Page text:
for an instant.

Then, instead of tumbling to earth, he felt himself sinking
down, uncountable miles, through a cool darkness. The dark
was comforting, after all that bothersome display of lights.

And, while he was still falling, he drifted into a dead sleep.



After centuries of unconsciousness, Gavin Brice began to
return, bit by bit, to his senses.

The first thing he knew was that the myriad shooting stars in
his head had changed somehow into a myriad shooting pains. He
was in torment. And he was deathly sick.

His trained brain forced itself to a semblance of sanity, and
he found himself piecing together vaguely the things that had
happened to him. He could remember seeing Milo Standish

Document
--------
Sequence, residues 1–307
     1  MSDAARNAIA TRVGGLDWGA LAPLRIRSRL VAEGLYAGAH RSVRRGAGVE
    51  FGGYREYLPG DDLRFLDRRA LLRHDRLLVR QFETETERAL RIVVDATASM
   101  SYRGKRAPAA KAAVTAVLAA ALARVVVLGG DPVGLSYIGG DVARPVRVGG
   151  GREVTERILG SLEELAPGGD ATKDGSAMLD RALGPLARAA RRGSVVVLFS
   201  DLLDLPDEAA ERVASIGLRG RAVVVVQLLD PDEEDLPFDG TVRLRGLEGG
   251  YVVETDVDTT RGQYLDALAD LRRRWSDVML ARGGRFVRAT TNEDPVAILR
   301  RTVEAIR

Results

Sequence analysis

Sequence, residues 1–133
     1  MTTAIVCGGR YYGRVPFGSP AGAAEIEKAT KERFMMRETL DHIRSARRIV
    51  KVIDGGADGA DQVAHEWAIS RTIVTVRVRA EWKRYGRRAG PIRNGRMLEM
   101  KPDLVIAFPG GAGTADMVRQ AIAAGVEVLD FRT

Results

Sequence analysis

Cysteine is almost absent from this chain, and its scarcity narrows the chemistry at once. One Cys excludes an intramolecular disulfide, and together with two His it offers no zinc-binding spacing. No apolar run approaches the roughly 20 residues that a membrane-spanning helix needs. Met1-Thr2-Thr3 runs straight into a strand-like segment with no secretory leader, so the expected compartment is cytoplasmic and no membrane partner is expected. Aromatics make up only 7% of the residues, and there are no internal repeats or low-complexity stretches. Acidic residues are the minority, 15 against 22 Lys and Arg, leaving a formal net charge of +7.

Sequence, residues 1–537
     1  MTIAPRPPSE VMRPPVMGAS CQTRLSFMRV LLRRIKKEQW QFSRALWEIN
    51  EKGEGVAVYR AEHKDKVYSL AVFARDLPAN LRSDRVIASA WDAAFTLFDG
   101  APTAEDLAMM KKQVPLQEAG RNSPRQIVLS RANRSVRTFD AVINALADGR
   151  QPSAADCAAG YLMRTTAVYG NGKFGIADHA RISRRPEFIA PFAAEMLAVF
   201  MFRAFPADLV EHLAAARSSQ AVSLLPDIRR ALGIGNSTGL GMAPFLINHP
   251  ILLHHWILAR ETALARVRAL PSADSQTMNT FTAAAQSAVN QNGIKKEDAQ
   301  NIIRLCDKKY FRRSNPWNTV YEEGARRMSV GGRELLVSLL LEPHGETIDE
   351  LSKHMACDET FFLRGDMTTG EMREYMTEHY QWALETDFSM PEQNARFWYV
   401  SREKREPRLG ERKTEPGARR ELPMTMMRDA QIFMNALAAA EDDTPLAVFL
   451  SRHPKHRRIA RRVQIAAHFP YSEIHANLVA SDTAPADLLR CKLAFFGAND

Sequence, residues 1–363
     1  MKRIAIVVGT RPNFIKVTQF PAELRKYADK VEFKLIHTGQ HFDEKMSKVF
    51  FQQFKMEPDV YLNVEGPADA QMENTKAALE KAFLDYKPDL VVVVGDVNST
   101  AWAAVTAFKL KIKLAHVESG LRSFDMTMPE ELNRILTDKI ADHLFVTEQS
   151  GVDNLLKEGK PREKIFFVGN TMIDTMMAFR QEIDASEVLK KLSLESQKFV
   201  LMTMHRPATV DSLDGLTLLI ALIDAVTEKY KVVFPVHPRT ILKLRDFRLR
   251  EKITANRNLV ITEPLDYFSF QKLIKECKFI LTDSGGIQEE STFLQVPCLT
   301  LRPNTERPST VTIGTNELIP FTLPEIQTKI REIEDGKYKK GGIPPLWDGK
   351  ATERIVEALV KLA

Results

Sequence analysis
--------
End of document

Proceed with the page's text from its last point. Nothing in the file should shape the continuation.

strolling toward the veranda in the shaft of light from the
window, then the black figure which detached itself from the
shrubbery and sprang on the unheeding man, and his own attempt
to turn aside the arm that wielded the knife.

But everything else was a blank.

Meanwhile, the countless shooting pains were merging into one
intolerable ache. Brice had no desire to stir or even to open
his eyes. The very thought of motion was abhorrent. The mere
effort at thinking was painful. So he lay still.

Presently, he was aware of something that touched his head.
And he wondered why the touch did not add to his hurt, but was
soothing. Even a finger's weight might have been expected to
jar his battered skull.

But there was no jar to this touch. Rather was it cooling and
of infinite comfort. And now he realized that it had been

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Online LibraryAlbert Payson TerhuneBlack Caesar's Clan : a Florida Mystery Story → online text (page 3 of 15)